Ernie Ball Music Man: The 35th Anniversary StingRay 5 Bass
The 35th Anniversary StingRay 5 is limited to 225 instruments in a single humbucker configuration, and 25 instruments in a double humbucker configuration. For more information, please visit music-man.com.
Building on the success of the 2021 BMG 'Two Tone' Arielle model, Brian May Guitars announces Antique Cherry finish for their guitar styled after American singer-songwriter Arielle.
THE BMG ARIELLE FEATURES
Striking Body Design
The flamboyant, asymmetric angles of the Arielle's Indonesian Mahogany body, at once timeless and forward-thinking, clearly pay homage to radical American automotive and electric guitar designs of the 1950s and '60s, with a distinctive raised center strip increasing the body mass for enhanced sustain and resonance, a split, 3-ply parchment pickguard and a classic gloss finish completing the cool, vintage look.
24" Scale Mahogany Neck
Employing the short 24" scale favored by Brian May on the original Red Special, the one-piece mahogany neck, in perfect balance with the lightweight body, has been engineered with a decidedly contemporary feel, featuring a generous 45mm nut width, comfortably spacious profile, and wonderfully smooth 24 fret ebony fingerboard with Arielle's choice of abalone diamond snowflake inlays in the traditional BM pattern.
BMG Tri-Sonic Style Pickups
Like the best-selling BMG Special, the Arielle features three BM branded 'Tri-Sonic' style single coil pickups, modern replicas of the vintage '60s units so fundamental to the Red Special's powerful and distinctive sonic character with the same series wiring, retro-styling, and magnet alignment as the originals.
BM Switching System
The unique Brian May designed electronics system is provided by six black DPDT switches featuring high-quality contacts mounted on a contrasting 3-ply black control plate. Engaging each pickup individually as well as providing dedicated phase reversal, this familiar configuration gives the BMG Arielle the same astonishing tonal agility as the original Red Special itself.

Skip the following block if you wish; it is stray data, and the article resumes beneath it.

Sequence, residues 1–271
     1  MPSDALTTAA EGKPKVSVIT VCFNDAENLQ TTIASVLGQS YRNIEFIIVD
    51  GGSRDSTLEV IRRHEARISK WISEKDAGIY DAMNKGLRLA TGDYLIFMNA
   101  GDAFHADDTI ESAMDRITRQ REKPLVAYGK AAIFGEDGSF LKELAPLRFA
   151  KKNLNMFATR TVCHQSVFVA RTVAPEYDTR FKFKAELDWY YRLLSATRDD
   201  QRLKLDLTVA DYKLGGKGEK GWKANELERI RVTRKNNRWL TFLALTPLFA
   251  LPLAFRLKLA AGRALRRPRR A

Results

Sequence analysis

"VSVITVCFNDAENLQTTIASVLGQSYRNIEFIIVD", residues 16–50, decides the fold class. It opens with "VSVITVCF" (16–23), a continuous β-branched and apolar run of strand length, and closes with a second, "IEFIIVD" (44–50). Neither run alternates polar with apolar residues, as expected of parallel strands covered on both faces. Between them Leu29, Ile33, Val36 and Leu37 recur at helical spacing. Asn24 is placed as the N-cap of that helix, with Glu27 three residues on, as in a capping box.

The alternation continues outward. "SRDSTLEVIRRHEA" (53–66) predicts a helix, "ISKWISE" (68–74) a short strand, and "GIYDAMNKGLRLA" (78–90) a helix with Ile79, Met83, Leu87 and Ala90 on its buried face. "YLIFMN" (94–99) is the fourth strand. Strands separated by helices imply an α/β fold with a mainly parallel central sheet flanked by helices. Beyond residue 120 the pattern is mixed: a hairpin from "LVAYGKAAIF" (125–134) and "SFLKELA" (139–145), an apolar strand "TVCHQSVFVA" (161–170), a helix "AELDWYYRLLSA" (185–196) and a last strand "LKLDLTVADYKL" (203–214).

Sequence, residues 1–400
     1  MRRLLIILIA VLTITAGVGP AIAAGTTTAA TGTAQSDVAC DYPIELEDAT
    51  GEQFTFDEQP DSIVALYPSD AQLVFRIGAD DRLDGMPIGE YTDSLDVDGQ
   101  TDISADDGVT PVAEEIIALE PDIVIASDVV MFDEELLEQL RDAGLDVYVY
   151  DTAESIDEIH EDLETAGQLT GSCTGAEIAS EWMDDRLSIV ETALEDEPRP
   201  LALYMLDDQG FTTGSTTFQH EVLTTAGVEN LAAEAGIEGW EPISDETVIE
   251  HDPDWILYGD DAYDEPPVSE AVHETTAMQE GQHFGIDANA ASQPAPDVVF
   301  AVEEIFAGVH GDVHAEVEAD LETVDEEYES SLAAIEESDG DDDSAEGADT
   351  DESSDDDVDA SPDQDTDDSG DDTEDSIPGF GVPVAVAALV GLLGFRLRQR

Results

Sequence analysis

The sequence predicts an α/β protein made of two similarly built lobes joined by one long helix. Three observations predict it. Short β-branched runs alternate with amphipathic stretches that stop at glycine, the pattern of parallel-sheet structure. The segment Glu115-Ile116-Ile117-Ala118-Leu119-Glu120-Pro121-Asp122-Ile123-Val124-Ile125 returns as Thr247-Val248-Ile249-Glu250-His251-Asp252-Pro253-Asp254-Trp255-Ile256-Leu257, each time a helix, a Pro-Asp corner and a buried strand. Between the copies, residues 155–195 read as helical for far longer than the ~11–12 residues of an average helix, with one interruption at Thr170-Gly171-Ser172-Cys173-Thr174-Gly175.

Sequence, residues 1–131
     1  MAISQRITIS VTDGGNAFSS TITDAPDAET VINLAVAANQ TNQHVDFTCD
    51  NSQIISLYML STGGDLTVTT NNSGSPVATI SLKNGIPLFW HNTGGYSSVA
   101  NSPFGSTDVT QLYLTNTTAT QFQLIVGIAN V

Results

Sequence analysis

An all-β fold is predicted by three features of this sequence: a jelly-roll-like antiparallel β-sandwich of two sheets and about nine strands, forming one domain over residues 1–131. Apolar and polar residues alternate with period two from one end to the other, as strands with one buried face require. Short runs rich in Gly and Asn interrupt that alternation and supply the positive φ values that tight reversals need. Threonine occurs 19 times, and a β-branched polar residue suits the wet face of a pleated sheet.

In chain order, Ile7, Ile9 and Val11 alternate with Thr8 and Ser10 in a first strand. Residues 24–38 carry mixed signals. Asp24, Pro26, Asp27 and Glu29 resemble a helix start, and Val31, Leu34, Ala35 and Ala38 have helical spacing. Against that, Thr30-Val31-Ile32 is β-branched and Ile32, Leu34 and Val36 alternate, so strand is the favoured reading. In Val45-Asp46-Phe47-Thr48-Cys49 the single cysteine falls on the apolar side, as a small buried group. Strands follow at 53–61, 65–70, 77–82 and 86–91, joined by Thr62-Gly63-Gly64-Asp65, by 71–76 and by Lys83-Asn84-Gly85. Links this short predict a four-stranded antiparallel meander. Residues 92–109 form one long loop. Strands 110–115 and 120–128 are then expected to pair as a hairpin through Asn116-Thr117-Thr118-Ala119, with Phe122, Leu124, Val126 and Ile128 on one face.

Wilkinson WVP Tremolo Bridge
Continuing BMG's long association with veteran British engineer Trevor Wilkinson, the Arielle is fitted with his acclaimed WVP 2-point tremolo, a vintage-styled variant of the unit used on the BMG Special. With a modern, friction-free design offering one of the smoothest actions of any fulcrum vibrato currently available coupled with a sleek, low-profile surround to eliminate lateral saddle movement, the WVP offers superior comfort, stability, and performance.
Thumbwheel Locking Tuners
The distinctive BM style headstock sports 3-a-side locking tuners with an 18:1 gear ratio for precise tuning and a thumbwheel locking mechanism that clamps the string securely. These superb quality machine heads allow for quick and easy string changes, requiring fewer string wraps and maintaining rock-solid tuning stability and more accurate return-to-pitch, even with lots of vibrato and string bends.
BMG Gig Bag Included
A premium quality, padded gig-bag, made from durable showerproof material, with twin rucksack-style shoulder straps, side and front grab handles, dual front pockets, and stitched BMG logo, is supplied as standard.
Versatile and bold, the heart of the Arielle's sound is round, wide, warm, and rich, with clean, clear highs and crisp note articulation, even when overdriven. Eminently capable of authentically delivering the hardest of rock or the most intimate dream-pop shimmer, the Arielle has clearly been engineered to be a brilliant, one-stop stage and studio workhorse. For blues and roots styles, there is a pleasing presence and a tight, focused bass response whilst jazz players and country pickers will love the chiming clarity, especially on out-of-phase settings, and the smooth, hollow twang of the neck pickup. Cranking up the gain, combining two or more pickups in phase, the broad Tri-Sonic response and resonant body give crunch chords ample room to breathe and allow lead licks and solos to project clearly and powerfully.
UK RRP £945.00 (Inc. VAT) — Available now for £845.00 from the official Brian May Guitars online store for a limited time. For more information, please visit BrianMayGuitars.co.uk.